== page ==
Mind your language

Why the OED says ‘coloured’ is offensive

16 March 2019

9:00 AM

16 March 2019

9:00 AM

‘The term coloured, is an outdated, offensive and revealing choice of words,’ tweeted Diane Abbott last week in response to Amber Rudd having remarked on the radio with regard to verbal abuse: ‘And it’s worst of all if you’re a coloured woman. I know that Diane Abbott gets a huge amount of abuse, and I think that’s something we need to continue to call out.’ Rudd rapidly apologised: ‘Mortified at my clumsy language and sorry to Diane Abbott.’

It is funny to think that if Rudd had said woman of colour she’d have been immune to criticism. But she tripped over a shibboleth. The Oxford English Dictionary abides by strict neutrality over the use of language. It resists any role of prescription: you can say either lavatory or toilet for all it cares. But it does mark out words considered offensive, and coloured is among them.

Coloured was adopted in the United States by emancipated slaves as a term of racial pride after the end of the American Civil War,’ it notes. ‘It was rapidly replaced from the late 1960s as a self-designation by black and later by African-American.’ The 1960s were of course a century after the Civil War, and all that time coloured had been used inoffensively and, as the dictionary acknowledges, ‘it is retained in the name of the National Association for the Advancement of Colored People’. There it is a sort of living fossil, and in any case the association is widely called the NAACP.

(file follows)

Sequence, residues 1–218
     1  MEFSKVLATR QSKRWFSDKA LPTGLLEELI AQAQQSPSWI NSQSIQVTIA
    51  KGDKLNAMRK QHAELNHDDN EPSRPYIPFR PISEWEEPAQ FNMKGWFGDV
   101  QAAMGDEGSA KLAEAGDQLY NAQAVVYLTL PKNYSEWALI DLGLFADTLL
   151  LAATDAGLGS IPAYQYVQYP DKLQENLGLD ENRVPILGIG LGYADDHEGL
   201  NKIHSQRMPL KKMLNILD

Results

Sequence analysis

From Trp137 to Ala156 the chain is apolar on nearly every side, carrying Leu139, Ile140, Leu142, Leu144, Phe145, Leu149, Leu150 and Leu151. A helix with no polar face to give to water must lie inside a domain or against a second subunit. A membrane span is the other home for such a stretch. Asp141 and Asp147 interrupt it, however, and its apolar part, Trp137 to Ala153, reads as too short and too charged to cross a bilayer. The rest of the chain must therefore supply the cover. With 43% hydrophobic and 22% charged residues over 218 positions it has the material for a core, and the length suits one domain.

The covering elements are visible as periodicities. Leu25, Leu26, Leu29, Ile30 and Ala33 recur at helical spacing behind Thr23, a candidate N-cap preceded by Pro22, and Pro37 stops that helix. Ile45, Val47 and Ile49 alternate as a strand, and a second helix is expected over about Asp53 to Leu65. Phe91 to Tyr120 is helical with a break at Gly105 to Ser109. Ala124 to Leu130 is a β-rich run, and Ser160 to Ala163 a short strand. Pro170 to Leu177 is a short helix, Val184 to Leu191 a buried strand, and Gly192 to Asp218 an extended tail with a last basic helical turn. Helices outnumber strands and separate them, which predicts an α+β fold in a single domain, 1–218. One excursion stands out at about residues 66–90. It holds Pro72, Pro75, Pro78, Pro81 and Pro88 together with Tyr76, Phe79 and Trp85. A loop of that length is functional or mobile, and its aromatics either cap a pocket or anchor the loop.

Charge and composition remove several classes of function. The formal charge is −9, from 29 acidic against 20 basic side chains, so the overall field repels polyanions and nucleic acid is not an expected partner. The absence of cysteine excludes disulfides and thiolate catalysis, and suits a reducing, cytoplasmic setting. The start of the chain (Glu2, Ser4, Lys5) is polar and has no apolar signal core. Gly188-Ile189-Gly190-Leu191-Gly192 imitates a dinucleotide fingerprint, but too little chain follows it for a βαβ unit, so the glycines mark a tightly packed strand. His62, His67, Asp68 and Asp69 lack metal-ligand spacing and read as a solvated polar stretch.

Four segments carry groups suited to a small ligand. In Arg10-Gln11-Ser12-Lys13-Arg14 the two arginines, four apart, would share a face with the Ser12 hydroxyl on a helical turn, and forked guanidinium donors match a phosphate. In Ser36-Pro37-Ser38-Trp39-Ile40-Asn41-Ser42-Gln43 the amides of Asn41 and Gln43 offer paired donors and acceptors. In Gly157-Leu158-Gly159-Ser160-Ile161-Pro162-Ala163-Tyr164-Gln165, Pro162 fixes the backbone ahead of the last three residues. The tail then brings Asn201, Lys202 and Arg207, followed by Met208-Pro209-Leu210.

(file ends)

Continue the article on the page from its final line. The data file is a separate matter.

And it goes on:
We British did our dirty work of slavery abroad and did not recognise slavery domestically after Lord Mansfield’s verdict of 1772: ‘The air of England is too pure for any slave to breathe: let the black go free’ (words that seem to be the choice of Lord Denning in summarising the case). In Britain coloured was the accepted term for dark-complexioned people until the 1960s.

The term man or woman of colour originates in America, on the model of French (homme de couleur) or Spanish (mujer de color). It was never the ordinary term in Britain, so it is not surprising it did not rise to Amber Rudd’s lips. At that moment she no doubt blushed, or in an old-fashioned term, coloured.

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